Monday, 2 November 2009

Autumn: Conkers

Autumn is, of course, the time of year when you can find conkers. A conker is the British English name for the fruit of the horse chestnut tree. When schoolchildren find a nice big shiny conker lying on the ground they drill a hole through it and thread it onto a string which they knot at the end. They then look for other people in the playground who have a conker and challenge them to a fight or contest. To play the game one person holds their conker out so that it hangs perpendicularly on its string. The other contestant then swings their conker on its string and tries to hit the conker of their opponent. The winner is the person whose conker survives; while the loser is left holding a rather sad-looking piece of string with half a chestnut still hanging off it.

A conker that has proved successful in a series of matches is referred to by the number of matches it has won: a sixer, for example, is a conker that has won half a dozen contests, while a twenty-three-er would be a truly formidable weapon. Some tricks are used to make a conker extra-hard, such as baking it in an oven or soaking it in vinegar. (These, however, are generally considered unsporting, if not downright cheating).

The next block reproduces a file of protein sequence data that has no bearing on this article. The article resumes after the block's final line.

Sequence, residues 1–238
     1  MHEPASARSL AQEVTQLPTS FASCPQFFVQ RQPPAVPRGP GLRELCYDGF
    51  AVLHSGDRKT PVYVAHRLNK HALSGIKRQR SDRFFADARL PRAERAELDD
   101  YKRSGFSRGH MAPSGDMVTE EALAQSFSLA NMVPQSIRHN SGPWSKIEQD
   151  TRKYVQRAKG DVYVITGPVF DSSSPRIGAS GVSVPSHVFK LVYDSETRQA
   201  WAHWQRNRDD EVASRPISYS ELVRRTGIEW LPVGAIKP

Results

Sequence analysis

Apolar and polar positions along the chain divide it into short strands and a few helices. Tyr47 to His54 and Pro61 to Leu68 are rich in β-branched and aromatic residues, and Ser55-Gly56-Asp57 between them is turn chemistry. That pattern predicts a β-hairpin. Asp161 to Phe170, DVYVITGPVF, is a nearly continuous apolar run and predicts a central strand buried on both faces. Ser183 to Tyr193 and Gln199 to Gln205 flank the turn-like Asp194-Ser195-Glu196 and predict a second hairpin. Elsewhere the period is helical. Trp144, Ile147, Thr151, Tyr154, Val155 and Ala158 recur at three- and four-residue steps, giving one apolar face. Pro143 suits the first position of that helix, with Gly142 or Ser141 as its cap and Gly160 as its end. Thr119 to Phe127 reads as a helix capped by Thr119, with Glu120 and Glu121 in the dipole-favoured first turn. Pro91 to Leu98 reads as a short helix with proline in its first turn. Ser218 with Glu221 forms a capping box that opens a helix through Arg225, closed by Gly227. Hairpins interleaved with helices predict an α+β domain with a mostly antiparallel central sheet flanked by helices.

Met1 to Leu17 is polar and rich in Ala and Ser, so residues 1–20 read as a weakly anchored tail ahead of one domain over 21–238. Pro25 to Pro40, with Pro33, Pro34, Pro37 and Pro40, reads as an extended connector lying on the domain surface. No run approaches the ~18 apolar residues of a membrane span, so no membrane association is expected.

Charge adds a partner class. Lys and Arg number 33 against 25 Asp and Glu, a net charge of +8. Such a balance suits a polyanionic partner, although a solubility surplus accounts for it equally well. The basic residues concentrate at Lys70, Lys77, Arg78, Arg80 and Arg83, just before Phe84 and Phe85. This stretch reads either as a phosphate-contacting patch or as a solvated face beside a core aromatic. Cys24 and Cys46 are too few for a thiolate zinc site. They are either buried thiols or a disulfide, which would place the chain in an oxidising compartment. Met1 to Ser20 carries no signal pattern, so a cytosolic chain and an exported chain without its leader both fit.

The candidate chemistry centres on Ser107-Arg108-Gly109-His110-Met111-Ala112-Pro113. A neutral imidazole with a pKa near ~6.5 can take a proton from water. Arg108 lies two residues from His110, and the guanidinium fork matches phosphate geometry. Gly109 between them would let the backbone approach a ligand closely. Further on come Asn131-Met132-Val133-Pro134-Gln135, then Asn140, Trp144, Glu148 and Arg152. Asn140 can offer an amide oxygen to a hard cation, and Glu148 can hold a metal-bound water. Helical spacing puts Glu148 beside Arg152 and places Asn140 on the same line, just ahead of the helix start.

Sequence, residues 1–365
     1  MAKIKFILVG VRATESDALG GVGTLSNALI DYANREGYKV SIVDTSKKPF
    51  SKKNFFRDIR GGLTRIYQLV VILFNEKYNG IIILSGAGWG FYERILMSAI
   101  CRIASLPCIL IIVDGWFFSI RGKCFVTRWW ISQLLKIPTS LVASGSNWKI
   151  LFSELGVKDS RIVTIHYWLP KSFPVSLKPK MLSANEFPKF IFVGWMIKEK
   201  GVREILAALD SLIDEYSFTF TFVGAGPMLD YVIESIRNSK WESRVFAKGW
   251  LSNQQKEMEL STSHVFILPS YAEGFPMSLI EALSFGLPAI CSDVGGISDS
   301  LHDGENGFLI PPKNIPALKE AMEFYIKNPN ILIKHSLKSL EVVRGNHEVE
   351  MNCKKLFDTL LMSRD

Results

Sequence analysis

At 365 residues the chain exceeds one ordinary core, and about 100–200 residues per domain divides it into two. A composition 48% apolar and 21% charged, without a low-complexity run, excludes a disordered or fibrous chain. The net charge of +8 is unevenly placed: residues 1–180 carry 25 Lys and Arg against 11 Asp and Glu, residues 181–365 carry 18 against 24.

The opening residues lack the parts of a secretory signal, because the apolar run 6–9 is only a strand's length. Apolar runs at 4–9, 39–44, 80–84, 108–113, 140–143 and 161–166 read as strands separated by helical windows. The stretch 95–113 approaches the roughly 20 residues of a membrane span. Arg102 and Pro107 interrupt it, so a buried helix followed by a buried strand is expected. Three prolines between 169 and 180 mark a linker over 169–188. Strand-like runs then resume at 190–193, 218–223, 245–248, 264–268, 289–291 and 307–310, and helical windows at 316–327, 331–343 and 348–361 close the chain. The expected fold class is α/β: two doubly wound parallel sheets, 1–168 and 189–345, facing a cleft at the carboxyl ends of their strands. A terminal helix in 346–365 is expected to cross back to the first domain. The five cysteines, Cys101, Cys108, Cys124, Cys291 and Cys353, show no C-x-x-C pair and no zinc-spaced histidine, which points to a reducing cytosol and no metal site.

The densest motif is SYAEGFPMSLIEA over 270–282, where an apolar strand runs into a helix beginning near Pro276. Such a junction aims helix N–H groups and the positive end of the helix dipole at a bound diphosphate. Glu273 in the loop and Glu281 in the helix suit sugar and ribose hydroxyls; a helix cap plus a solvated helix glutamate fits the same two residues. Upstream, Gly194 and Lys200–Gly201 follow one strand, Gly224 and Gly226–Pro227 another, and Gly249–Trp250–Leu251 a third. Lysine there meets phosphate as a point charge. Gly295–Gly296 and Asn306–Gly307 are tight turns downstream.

Photo of a conker by Sharonkcooper, available under a Creative Commons Attribution ShareAlike 3.0

Since a conker being smashed to pieces can send small fragments of shell flying out at unpredictable angles there is a tiny chance that one of the contestants might receive an eye injury. Perhaps a more common danger would be a bruised knuckle from your opponent missing your conker and hitting your hand. If you read the British tabloid newspapers (such as The Sun) or rightwing middle-market paper The Daily Mail you will usually find a story about schools banning conkers (or other traditional playground activities, such as skipping or throwing snowballs) on the grounds of health and safety. These stories form part of a wider narrative usually referred to by phrases such as “health and safety gone mad” or “the nanny state”.

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